The manual coupe’s 0-100 time is nothing to sneeze at, but on the road the performance feels swift rather than holy-crap fast. That’s more a product of the twin-turbo grunt-monster world in which we now live than any real shortcoming of the V8, although its quoted outputs are down a bit compared to LHD cars (largely a matter of divergent measuring standards). The important thing is there’s ample power to get the most out of a cracking chassis.
The jiggly, lively ride of the Convertible is less of an issue in the Coupe, especially when the trade-off is such great body control and general harmony of front and rear ends. Aim hard at an apex and there’s one small shrug of bodyroll before a generous grip envelope opens up, urging you to push harder. Nudge that limit and the independent rear is instantly involved, blotting up mid-corner bumps, tracing a tight line and, under big throttle inputs, squatting and edging wide with total progression. We used Race mode on the circuit, and found it allowed some slip but not as much as I imagine many of you would like. The chassis is sufficiently benign and transparent to allow ESC off without the threat of tank-slapper hell being unleashed.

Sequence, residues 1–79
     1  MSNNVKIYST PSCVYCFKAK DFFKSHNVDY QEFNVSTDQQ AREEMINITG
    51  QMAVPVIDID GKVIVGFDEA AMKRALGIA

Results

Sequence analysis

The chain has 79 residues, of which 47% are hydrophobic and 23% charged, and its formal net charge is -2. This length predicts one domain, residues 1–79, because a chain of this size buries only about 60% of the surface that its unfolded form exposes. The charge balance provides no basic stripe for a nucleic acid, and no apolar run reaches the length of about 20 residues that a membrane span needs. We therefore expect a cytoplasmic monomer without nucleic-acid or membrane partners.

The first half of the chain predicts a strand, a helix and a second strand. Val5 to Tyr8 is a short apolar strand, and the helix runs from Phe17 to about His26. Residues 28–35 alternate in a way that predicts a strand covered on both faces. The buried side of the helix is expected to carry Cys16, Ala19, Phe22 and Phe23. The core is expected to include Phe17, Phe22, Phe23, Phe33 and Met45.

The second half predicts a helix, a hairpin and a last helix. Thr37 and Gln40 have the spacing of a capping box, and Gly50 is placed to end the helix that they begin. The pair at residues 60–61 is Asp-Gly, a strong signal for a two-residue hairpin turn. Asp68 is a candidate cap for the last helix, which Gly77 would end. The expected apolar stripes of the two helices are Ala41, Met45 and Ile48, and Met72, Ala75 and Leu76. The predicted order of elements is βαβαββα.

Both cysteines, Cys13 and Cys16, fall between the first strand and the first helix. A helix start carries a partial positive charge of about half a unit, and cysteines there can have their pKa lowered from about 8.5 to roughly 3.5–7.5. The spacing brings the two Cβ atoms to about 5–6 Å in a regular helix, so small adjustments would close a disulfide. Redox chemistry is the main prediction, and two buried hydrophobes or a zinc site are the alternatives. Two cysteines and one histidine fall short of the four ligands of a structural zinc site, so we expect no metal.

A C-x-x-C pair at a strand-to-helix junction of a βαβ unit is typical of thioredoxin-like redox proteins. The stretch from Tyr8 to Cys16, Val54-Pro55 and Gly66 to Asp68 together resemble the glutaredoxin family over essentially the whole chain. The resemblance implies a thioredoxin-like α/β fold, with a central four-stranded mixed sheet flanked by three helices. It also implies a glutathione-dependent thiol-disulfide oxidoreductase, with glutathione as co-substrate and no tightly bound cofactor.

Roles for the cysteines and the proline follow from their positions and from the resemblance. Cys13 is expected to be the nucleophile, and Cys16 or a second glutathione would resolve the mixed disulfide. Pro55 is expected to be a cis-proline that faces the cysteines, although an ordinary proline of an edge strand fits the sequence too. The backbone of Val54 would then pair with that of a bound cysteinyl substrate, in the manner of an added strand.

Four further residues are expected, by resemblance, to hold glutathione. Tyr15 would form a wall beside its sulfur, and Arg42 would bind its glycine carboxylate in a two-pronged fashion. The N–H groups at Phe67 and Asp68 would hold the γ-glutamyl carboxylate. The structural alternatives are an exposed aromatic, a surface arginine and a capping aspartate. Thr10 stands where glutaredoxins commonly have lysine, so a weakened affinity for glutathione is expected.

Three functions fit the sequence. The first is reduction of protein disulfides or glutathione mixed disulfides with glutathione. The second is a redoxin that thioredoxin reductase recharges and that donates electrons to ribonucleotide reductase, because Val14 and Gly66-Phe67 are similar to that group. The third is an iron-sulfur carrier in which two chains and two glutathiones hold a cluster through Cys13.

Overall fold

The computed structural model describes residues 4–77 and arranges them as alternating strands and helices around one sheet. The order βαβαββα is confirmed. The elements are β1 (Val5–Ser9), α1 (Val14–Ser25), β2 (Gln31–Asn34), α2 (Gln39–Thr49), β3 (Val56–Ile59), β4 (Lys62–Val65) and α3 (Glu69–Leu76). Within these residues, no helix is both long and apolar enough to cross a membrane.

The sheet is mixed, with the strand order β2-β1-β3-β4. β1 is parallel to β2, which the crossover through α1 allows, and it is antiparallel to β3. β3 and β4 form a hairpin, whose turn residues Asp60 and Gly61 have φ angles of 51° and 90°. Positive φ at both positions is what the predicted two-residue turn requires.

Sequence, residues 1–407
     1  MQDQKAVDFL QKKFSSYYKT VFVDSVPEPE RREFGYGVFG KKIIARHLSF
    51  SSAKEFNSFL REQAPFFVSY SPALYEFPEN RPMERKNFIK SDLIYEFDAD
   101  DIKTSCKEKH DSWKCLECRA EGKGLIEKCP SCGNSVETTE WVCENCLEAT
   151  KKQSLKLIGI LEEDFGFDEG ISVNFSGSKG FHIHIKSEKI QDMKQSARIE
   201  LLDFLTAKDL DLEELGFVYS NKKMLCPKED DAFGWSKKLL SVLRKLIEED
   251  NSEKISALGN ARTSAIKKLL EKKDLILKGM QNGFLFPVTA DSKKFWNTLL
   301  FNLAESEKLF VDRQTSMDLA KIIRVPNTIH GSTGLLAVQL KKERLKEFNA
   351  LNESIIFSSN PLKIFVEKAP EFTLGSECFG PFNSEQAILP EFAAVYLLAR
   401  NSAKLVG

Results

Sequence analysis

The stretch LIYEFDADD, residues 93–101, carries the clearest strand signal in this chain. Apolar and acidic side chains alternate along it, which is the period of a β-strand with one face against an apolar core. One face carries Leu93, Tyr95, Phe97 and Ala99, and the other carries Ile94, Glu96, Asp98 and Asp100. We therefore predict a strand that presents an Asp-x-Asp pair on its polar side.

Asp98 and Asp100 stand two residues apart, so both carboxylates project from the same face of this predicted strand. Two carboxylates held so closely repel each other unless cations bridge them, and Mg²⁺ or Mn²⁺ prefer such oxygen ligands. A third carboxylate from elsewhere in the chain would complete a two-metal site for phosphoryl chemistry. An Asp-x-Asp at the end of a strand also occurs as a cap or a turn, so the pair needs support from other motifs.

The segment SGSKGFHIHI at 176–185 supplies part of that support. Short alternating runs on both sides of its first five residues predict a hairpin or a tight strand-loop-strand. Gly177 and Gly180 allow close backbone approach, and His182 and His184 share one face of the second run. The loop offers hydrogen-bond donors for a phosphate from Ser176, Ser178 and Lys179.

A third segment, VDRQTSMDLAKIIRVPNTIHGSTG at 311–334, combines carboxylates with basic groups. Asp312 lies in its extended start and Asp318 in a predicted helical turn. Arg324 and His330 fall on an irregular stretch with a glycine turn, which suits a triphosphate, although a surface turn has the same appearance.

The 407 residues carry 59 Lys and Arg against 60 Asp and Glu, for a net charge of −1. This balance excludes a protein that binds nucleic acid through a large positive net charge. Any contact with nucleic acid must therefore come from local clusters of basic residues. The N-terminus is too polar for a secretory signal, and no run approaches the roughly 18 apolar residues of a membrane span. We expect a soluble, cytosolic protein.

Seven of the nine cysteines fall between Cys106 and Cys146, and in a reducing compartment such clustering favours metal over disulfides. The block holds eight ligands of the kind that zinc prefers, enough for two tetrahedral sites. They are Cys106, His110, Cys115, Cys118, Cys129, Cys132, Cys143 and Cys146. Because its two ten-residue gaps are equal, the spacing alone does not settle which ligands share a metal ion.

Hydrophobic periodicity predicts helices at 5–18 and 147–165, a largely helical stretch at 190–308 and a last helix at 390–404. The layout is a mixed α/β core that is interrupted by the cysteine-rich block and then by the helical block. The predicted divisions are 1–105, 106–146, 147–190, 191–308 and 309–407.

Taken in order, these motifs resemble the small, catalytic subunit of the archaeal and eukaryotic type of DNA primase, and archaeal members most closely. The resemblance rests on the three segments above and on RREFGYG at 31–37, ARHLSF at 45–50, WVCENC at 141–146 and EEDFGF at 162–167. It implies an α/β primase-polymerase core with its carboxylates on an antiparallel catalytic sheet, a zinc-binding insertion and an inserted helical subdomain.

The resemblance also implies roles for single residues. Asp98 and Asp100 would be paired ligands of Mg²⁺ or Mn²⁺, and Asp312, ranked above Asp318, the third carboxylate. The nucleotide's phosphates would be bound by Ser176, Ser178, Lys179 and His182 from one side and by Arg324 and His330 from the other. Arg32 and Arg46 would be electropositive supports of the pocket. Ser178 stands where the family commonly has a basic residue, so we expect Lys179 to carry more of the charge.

Front brakes on the GT Fastback are whopper Brembos clamped by six-piston calipers, and while the initial pedal action feels too sensitive and over-servoed, they bite hard and feel capable of withstanding a proper pounding.
So, for many customers, an auto four-pot convertible at $54,990 could be all the Mustang they really need, even if it may not be the Mustang they really want. The entry-level manual Ecoboost Fastback, at $45,990, is really just dangled as showroom bait, while the value equation of the V8 Convertible (auto only at $66,490) starts to head south. That leaves the choice between GT Fastback manual ($57,490) and GT Fastback auto ($59,990).
Either way, expect that wave to be one of delight, not disappointment.
Model: Ford Mustang GT Fastback
Engine: 4951cc V8 (90), dohc, 32v
Max Power: 306kW @ 6500rpm
Max Torque: 530Nm @4250rpm
Transmission: 6-speed automatic
Kerb weight: 1747kg
0-100km/h: 4.8sec (claimed)
Fuel economy: 12.6 L/100km
On sale: Now